Intriguing, yet warm and personal - beautifully written 19 Jan. 2001
By A Customer - Published on
Format: Paperback
"The Travelling Hornplayer" is the first I've read of Barbara Trapido's and it won't be the last. It's such a pleasure reading this finely written yet understated gem of novel I didn't want it to end. It's hard to describe the type of novel TH is because it's got all the elements of mystery, intrigue, personal tragedy, loss and betrayal that provide the natural ingredients for a great novel but it is only in Trapido's expert hands that all these elements come together to produce a finely judged and balanced whole. The novel is personal, warm and engaging. Her characters - without exception, down to the minor ones - are brilliantly defined and come to life. They leap out at you from the pages like real human beings because they're neither good nor bad, just people with all their frailties. Recounted in flashback and by rotation through the eyes of Ellen, Jonathan and Stella, Trapido weaves together personal contemplation, plot development and social commentary into a complex mosaic of splendour and intrigue. Lydia, a ghost-like figure hovering over the proceedings, is the catalyst for the novel's dramatic development. She is also the glue that binds the loose pieces together. Trapido's genius is to engineer a denouement that is emotionally congruent, satisfying and uplifting. Amidst the avalanche of new titles being published each week, it is easy to miss this wonderfully little gem of a novel. It would have escaped my attention had it not won the Whitbread Prize award. Please don't miss it. "The Travelling Hornplayer" deserves to be read by all who love good literature.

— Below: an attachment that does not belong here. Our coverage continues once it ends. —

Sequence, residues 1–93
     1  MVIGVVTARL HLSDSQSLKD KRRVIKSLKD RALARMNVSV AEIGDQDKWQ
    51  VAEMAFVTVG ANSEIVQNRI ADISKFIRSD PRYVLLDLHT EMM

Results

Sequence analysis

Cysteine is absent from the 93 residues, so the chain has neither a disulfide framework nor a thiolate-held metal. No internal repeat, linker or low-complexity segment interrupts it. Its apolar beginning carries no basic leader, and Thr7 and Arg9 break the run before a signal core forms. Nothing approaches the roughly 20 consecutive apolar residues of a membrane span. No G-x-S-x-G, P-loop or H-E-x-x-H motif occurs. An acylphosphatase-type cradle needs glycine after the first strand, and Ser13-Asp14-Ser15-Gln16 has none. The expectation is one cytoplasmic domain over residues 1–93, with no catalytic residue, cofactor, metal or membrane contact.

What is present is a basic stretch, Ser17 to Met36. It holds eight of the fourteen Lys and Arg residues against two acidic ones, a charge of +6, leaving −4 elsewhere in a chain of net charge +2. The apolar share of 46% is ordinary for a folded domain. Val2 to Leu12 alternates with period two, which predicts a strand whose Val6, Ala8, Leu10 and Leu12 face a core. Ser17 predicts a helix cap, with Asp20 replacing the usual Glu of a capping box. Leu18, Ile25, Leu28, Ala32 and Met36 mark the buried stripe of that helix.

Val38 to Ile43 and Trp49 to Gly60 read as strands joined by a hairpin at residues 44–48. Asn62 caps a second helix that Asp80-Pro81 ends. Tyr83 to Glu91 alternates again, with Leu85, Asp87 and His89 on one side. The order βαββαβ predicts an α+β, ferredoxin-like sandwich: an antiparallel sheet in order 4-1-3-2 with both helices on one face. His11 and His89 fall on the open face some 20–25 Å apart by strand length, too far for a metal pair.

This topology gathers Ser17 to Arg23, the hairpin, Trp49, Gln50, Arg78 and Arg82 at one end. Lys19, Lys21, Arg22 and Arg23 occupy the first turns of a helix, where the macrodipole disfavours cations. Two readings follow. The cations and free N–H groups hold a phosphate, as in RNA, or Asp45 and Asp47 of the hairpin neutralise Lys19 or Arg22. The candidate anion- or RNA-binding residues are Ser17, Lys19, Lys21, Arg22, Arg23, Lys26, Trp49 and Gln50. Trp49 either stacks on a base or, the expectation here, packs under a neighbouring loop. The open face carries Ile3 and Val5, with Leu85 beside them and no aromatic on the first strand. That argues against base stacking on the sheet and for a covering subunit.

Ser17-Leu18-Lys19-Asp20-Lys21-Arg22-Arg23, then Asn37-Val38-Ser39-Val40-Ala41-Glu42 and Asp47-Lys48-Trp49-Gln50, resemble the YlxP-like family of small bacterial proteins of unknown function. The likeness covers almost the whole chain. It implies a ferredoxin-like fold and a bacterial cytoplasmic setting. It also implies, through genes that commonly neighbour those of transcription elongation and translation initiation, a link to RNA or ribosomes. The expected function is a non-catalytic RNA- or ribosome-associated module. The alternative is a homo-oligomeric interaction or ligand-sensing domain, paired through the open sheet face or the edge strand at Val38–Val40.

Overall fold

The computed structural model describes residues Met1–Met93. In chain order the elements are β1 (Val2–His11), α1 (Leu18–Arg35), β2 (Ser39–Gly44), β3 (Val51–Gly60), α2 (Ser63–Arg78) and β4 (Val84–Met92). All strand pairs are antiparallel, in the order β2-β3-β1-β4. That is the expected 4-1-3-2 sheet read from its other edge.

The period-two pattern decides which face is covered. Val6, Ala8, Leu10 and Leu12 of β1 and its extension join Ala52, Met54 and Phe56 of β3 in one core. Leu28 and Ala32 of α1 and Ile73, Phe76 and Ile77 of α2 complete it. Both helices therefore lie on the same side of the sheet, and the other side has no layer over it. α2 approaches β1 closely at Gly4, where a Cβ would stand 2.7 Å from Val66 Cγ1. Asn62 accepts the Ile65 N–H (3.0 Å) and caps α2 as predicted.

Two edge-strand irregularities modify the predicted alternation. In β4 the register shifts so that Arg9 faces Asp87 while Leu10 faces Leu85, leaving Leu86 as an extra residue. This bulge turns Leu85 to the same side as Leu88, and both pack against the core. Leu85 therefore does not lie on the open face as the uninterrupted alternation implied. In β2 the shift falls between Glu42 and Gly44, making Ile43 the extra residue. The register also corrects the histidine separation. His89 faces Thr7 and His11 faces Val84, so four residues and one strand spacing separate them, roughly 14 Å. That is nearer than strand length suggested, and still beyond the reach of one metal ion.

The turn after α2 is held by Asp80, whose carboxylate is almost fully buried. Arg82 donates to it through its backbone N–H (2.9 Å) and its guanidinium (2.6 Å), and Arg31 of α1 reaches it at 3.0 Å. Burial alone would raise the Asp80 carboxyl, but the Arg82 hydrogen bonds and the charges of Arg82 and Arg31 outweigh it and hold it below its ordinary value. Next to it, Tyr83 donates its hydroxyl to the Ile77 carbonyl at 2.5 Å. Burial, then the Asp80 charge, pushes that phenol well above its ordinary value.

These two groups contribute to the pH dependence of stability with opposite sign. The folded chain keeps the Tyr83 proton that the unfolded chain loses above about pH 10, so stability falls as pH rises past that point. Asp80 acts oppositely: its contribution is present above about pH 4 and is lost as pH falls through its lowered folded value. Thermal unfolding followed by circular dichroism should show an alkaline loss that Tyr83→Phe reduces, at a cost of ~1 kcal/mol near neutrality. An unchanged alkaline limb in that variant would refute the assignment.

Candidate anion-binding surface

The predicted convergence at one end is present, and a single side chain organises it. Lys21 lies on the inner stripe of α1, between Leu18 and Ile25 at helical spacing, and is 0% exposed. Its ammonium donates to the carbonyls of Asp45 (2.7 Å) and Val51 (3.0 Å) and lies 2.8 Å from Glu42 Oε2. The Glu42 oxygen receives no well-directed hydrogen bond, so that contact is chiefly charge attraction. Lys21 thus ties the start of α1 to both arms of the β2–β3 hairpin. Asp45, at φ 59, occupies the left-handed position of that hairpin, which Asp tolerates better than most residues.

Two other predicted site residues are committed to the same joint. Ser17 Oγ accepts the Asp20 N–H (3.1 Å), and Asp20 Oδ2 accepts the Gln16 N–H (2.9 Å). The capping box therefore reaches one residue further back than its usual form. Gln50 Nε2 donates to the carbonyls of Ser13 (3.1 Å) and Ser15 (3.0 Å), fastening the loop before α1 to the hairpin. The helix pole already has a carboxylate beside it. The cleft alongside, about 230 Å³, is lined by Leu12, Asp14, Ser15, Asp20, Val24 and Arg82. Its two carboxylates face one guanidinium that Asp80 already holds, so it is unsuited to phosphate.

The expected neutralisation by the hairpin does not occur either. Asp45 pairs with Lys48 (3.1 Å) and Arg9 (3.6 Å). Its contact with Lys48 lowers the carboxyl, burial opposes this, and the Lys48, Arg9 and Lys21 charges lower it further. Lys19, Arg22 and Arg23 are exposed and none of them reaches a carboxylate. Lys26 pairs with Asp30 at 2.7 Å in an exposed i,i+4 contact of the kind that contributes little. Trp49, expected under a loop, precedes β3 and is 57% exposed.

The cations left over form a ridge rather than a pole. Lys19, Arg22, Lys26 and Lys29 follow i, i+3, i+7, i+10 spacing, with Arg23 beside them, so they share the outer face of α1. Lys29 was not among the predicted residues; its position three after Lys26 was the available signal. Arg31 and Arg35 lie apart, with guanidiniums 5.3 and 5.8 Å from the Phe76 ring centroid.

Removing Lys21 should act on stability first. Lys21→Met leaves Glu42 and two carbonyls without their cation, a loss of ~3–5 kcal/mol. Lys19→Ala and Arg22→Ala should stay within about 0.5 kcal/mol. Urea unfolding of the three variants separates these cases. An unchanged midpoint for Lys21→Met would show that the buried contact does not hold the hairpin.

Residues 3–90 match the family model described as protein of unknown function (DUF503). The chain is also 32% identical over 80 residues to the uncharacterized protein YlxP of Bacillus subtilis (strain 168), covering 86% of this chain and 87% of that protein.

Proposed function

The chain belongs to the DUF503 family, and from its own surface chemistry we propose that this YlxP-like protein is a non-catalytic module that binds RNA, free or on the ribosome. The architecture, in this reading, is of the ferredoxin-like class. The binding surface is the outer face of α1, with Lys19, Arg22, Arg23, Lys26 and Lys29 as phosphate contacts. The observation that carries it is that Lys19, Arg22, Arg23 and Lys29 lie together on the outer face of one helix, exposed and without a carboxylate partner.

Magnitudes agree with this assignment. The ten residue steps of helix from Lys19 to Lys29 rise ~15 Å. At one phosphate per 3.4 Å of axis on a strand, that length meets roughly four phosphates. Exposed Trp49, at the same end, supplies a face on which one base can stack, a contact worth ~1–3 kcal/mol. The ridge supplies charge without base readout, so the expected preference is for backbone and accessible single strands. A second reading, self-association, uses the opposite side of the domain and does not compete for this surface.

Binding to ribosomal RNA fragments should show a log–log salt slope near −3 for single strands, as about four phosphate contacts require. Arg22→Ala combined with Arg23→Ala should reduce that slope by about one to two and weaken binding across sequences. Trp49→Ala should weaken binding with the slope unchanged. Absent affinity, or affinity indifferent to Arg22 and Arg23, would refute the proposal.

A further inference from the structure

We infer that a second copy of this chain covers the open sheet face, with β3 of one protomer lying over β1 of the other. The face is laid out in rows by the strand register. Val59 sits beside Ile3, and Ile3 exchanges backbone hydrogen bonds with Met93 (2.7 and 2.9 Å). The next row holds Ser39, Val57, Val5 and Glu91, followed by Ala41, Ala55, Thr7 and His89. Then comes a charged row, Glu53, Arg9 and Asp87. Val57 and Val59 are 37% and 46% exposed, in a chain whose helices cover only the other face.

9 of 9 people found the following review helpful
From the first pages, this book was pure joy. 28 Mar. 1999
By Kathleen Sullivan - Published on
Format: Hardcover
I felt almost as thought P. G. Wodehouse had been reincarnated in the body of a 90's woman, so droll and sly is the humor and intelligence of the main characters, even as they deal with all the traditional and contemporary tragedies--accidental death, AIDS, crib death, suicide, dyslexia, adultery. The story revolves around the tragic death of a young girl, 17-year old Lydia Dent, and how each of the characters come to be directly or indirectly involved in her death, without realizing it or knowing each other until the beautiful tapestry of this plot brings them together. Excellent book